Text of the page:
Journalists in Western Australia are now legally protected from being compelled to reveal their sources, unless it’s in the public interest, after so-called shield laws passed through state parliament.

WA Attorney General Michael Mischin said the Evidence and Public Interest Disclosure Legislation Amendment Bill 2011 fulfilled the state government’s election commitment to introduce protections for journalists in respect of their informants.

“A journalist who has promised not to reveal their source’s identity will not be able to be compelled to do so, unless the public interest clearly requires it,” Mr Mischin said.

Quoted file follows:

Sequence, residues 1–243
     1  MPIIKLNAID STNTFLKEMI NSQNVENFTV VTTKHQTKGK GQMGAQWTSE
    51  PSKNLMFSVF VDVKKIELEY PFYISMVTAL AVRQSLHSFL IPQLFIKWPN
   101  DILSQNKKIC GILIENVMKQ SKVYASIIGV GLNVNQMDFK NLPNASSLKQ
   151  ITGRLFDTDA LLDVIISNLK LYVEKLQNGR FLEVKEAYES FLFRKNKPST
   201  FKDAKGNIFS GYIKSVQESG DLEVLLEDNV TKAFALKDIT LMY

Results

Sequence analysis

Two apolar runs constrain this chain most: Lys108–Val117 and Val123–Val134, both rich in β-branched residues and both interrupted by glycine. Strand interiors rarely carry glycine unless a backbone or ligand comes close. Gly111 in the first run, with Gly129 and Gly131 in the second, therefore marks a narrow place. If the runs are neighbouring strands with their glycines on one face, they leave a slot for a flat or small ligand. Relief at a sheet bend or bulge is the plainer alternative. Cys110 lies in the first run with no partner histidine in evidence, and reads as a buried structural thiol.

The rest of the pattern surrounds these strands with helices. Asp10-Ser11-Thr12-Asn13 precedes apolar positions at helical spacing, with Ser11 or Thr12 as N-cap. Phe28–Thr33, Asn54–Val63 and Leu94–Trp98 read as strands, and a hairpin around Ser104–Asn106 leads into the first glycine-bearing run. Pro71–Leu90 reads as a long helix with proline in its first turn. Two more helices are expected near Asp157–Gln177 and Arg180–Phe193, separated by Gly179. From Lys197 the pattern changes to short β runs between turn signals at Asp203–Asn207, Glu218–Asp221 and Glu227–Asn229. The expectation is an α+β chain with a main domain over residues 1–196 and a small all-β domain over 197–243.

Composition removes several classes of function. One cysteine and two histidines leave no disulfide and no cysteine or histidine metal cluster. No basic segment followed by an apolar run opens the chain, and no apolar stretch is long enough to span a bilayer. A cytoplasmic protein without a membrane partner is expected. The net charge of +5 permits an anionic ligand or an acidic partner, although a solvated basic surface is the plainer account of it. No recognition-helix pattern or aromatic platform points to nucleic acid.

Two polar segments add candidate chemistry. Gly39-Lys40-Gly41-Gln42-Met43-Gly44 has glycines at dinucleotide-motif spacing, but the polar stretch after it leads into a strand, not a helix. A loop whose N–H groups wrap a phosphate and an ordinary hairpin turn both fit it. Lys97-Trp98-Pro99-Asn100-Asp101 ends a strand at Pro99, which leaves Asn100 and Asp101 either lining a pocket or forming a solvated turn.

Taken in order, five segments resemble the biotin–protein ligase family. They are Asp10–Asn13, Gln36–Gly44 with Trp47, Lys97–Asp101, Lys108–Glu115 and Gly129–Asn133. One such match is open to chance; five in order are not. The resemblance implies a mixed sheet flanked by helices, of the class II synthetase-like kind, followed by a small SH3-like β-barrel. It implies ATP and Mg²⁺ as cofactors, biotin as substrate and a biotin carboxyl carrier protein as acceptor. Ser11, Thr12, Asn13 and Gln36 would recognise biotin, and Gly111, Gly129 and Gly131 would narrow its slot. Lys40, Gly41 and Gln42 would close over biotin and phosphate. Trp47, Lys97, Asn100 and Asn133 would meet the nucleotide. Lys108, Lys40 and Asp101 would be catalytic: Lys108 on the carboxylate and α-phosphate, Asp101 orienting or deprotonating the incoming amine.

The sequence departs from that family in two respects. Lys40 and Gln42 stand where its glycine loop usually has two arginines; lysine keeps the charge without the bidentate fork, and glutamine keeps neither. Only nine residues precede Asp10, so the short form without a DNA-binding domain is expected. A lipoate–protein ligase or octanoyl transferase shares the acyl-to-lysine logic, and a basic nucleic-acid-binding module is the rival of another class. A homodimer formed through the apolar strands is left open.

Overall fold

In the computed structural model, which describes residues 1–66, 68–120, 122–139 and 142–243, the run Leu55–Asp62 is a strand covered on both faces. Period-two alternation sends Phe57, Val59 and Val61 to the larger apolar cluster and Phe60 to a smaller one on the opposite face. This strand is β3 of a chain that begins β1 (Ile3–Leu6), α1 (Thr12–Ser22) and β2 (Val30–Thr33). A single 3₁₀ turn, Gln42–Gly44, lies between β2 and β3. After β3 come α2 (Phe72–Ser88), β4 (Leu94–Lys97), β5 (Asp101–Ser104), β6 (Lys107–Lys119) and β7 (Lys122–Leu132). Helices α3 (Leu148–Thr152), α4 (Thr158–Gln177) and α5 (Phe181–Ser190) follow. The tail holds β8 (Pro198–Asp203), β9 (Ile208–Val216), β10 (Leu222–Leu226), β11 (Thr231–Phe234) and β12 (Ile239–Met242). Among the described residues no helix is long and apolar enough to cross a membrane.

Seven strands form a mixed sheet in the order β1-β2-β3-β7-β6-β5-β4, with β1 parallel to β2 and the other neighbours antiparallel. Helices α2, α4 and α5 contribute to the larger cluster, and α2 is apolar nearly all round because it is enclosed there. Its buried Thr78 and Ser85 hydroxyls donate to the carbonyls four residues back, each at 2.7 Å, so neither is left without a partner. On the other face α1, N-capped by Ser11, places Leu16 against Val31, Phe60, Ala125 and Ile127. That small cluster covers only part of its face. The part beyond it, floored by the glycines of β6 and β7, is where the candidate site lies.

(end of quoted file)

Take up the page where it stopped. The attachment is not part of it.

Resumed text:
“Journalists will now be able to work in the knowledge that they are legally protected from having to disclose the identity of their sources.”

The bill also protects other professionals who receive confidential information.

“This bill recognises the ethical obligation professionals owe their clients to preserve confidentiality and balances that against their legal obligation to give evidence when required to do so by a court or tribunal,” Mr Mischin said.

“Further, the bill serves the public interest of preserving appropriate confidentiality while recognising that journalists play a vital role in ensuring the free flow of facts and information to the public.”

The legislation also introduces enhanced protections for public servants who disclose illegal conduct or the mismanagement of public resources.

The West Australian

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